“I’m surprised at the number of students who can’t easily articulate why they drove six hours to visit our campus. Was it our reputation? Did you like our mail? Grandma told you about us? You’re on your way to our chief competitor?” This is a grievance voiced by David Kogler of Gustavus Adolphus College in St. Peter, Minnesota. He, as well as several other college admissions counselors, are floored and fed up with the absurd lack of interview skills among college students. Take note of these interview tips so you don’t end up like the clueless college kids when you go for a job interview.
David Kogler’s story is just one of the many horror stories of the college admissions department, according to NY Times. Chris Markle of Susquehanna University in Pennsylvania admits that one individual responded to the interview question of how he spent his free time with “I like to set things on fire in my basement.” University of Pennsylvania’s Risa Lewak confesses to sitting through several verses of “I Dreamed a Dream” from Les Misérables after a student mentioned a passion for singing.
Although we may be past the point of college admissions, answering interview questions for jobs is still prevalent, and no one wants to have a bad interview. Knowing what interview questions to avoid asking may help prevent that dreaded bad interview.
An interview is a two-way street. Both participants should be asking and answering questions. Asking the interviewer questions shows your level of interest, but there are some interview questions that should be avoided. For starters, never, under any circumstances, should you ask, “What does your company do?” This is the red flag indicator that you have no knowledge of the business, and who is going to hire someone that knows nothing—and hasn’t made an effort to learn—about their company?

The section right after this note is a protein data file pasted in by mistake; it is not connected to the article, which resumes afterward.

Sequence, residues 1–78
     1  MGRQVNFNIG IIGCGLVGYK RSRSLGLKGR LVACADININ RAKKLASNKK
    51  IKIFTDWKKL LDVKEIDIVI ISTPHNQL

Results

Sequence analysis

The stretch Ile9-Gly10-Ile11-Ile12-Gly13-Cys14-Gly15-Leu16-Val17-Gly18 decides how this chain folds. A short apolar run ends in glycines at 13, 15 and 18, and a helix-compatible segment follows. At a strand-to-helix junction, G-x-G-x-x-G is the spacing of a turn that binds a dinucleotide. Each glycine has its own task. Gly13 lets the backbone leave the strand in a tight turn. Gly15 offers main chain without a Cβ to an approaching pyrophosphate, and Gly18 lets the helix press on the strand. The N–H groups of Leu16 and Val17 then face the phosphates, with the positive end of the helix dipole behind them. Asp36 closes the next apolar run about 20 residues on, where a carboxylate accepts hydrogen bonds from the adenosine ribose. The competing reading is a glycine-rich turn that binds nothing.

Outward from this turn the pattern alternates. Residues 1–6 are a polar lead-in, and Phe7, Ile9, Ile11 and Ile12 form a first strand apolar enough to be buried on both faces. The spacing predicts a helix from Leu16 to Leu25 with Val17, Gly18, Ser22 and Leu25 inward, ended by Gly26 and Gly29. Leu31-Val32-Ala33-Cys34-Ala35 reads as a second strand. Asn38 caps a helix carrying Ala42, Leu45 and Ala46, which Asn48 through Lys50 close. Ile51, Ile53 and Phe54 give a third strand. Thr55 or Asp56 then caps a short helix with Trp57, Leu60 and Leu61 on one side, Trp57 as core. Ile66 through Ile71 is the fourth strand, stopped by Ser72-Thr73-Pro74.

Another question to avoid is asking about the position’s salary. It is an indication that you only care about the money in the job, and not the performance. Usually, the interviewer will mention it on their own; if not, wait until you’ve definitely been given the job to ask.
The final interview question to avoid is asking the interviewer what it’s like to work there. No logical person is going to answer negatively; they are going to make it sound as positive as possible, which could give you a wrong impression of the actual working conditions. Instead of phrasing it that way, try asking them one thing they would change about the company culture. This way, they are more likely to give you accurate insight.
In the teenagers’ defense, most of them have probably never experienced a formal interview before—it’s a little harder than applying to a local fast food restaurant. Make sure lack of experience or preparation can’t be your excuse. Be prepared for your interview; if you’ve never experienced one before, ask someone who has to give you some insight and interview tips.
Doing well in an interview may not be a walk in the park, but it’s not rocket science either, like those college kids make it seem. The takeaway is simple: be prepared, ask questions that show you are interested rather than ignorant, and try not to be too personal—belting out Les Misérables or setting fire to things in your basement are quirks that should be left at home.